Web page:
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Supreme Court Holds That District Courts Must Stay Proceedings Pending Appeals of Denials of Motions to Compel Arbitration

June 26, 2023 Download PDF

On June 23, 2023, the Supreme Court held in Coinbase v. Bielski that district court proceedings must be stayed pending resolution of an interlocutory appeal of the denial of a motion to compel arbitration under Section 16(a) of the Federal Arbitration Act (FAA). The decision allows parties seeking to compel arbitration the ability to halt proceedings pending such an appeal, rather than expending litigation resources simultaneously in the trial court and the appellate court.


This case arises from a putative class action lawsuit filed against Coinbase in the United States District Court for the Northern District of California. Because Coinbase’s User Agreement contained an arbitration provision, Coinbase filed a motion to compel arbitration. That motion was denied. Subsequently, Coinbase appealed that decision under Section 16(a) of the FAA, which permits an immediate appeal of a district court’s denial of a motion to compel arbitration.

Under Ninth Circuit precedent, such an appeal did not automatically stay proceedings in the district court—meaning that the district court had discretion to proceed with the litigation despite the pendency of the appeal. And while Coinbase filed motions to stay the district court proceedings in both the district court and the Ninth Circuit, both of those motions were denied.

The Supreme Court granted review to decide whether an appeal of the denial of a motion to compel arbitration ousts a district court’s jurisdiction to proceed with the litigation pending appeal.

Supreme Court Decision

In an opinion written by Justice Kavanaugh, the Court held that district courts must stay proceedings pending an interlocutory appeal pursuant to Section 16(a) of the FAA. In doing so, the Court reasoned that the principle expounded in Griggs v. Provident Consumer Discount Co., 459 U.S. 56 (1982)—that an appeal “divests the district court of its control over those aspects of the case involved in the appeal,” id. at 58, “resolve[d] this case.” Justice Kavanaugh explained that because, in the context of an appeal of the denial of a motion to compel arbitration, whether the litigation can go forward in the district court is exactly what is to be decided, the Griggs principle controls this case. The Court rejected the respondent’s attempts to overcome that principle. In doing so, Judge Kavanaugh noted that (1) the courts of appeals have ample methods to defend against frivolous appeals (like sanctions), such that an automatic stay here would not increase the number of such appeals, (2) the lack of an explicit stay provision in the text was of no moment given the Griggs background principle, (3) an automatic stay does not create an arbitration-specific procedural rule, because the Griggs principle applies in other analogous contexts where interlocutory appeals are authorized, (4) whether the ordinary stay factors might protect litigants is irrelevant given the Griggs rule, and (5) the notion that questions of arbitrability are “severable from the merits of the underlying dispute[]” is irrelevant here, where the sole issue is the question of whether or not the district court has jurisdiction to consider the case is “involved in the appeal” when an appellate court considers whether the case is arbitrable.

Justice Jackson filed a dissenting opinion, joined by Justices Sotomayor and Kagan in whole and Justice Thomas in part. In doing so, Justice Jackson reasoned that the statute’s text does not contain an automatic stay provision. Moreover, she disagreed with the applicable background rule—she opined that instead, the traditional background rule is a case-by-case determination of whether a case must be stayed pending an interlocutory appeal. And in her view Griggs is more narrow—the principle is simply that “[t]wo courts should avoid exercising control over the same order or judgment simultaneously.” Indeed, Justice Jackson wrote that the only cases that are impacted by the Court’s ruling are those that would have otherwise not been stayed under the traditional stay factors—likelihood of success on the merits, irreparable harm, favorable balance of the equities, and alignment with the public interest. Accordingly, the impact of this decision would be that “any defendant that devises a non-frivolous argument for arbitration can not only appeal, but press pause on the case—leaving plaintiffs to suffer harm, lose evidence, and bleed dry their patience and funding in the meantime.” She concluded by writing that, although the Court’s decision is limited to interlocutory appeals under Section 16(a), the reasoning is applicable to a wide swath of cases and would allow defendants an almost unfettered ability to prolong litigation.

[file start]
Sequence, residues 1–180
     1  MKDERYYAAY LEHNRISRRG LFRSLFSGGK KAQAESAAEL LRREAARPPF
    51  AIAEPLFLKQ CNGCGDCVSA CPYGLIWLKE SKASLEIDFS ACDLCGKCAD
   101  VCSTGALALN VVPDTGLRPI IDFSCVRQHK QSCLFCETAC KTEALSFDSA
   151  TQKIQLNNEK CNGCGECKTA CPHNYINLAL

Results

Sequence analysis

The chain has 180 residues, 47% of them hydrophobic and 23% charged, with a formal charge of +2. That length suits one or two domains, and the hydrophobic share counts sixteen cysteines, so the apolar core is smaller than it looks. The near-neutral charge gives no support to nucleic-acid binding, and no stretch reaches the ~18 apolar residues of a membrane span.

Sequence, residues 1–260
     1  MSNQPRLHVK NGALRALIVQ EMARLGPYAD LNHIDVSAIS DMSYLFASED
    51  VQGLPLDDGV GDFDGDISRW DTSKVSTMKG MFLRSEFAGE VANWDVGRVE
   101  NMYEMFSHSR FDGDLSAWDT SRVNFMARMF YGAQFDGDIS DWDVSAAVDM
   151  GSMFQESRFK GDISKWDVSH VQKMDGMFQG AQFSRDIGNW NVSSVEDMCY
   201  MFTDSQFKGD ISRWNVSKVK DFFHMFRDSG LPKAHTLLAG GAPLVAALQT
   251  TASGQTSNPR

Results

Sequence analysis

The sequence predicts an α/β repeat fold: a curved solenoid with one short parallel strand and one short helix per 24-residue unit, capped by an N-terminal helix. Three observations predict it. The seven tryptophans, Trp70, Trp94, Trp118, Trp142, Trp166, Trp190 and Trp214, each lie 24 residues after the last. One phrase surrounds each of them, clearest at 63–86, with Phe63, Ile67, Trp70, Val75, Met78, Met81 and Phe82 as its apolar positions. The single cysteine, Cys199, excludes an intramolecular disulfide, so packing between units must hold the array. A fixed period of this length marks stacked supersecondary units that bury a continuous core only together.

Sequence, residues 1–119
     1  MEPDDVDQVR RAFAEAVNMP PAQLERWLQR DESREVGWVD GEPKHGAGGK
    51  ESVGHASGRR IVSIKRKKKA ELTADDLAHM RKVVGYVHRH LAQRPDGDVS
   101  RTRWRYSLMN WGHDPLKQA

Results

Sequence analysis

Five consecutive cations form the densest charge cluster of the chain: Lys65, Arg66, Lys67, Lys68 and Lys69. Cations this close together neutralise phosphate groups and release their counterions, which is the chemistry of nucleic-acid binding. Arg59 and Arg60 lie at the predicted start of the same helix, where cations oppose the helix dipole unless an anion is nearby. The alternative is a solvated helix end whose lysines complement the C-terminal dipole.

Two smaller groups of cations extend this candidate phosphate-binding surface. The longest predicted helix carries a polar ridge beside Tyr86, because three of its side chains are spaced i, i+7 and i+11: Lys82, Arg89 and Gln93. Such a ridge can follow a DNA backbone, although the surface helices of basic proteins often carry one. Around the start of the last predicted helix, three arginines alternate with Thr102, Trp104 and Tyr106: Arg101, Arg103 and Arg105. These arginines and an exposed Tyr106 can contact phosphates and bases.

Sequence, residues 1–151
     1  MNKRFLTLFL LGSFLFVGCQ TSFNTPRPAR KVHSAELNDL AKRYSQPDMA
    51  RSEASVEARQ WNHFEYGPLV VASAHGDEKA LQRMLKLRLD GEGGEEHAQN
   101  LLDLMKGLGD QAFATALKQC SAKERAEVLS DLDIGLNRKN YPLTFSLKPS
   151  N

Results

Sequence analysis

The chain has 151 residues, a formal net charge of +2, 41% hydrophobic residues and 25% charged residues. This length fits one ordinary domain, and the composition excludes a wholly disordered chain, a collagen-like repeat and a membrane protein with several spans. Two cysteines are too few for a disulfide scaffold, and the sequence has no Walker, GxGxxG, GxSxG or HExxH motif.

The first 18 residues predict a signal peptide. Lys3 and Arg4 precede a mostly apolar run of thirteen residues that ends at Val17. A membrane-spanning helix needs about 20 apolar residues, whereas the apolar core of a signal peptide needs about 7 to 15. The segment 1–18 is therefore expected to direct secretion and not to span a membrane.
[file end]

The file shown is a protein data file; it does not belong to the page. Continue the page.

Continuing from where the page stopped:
Justice Thomas did not join the portions of the dissenting opinion regarding Justice Jackson’s analysis of the statute or the concluding discussion of the potential wider consequences of this case.


The decision in Coinbase makes easier the decision of whether to file a Section 16(a) appeal once faced with the denial of a motion to compel arbitration. That is likely to increase the number of such appeals, because those seeking to compel arbitration no longer need to consider the possibility that they will be expending litigation costs at the trial level while the appeal is pending. And those seeking to avoid arbitration will need to be mindful of that reality when thinking about whether and how to proceed in a potentially arbitrable case, given the possibility that proceedings in the district court may be stayed for a year or more after the denial of a motion to compel arbitration.

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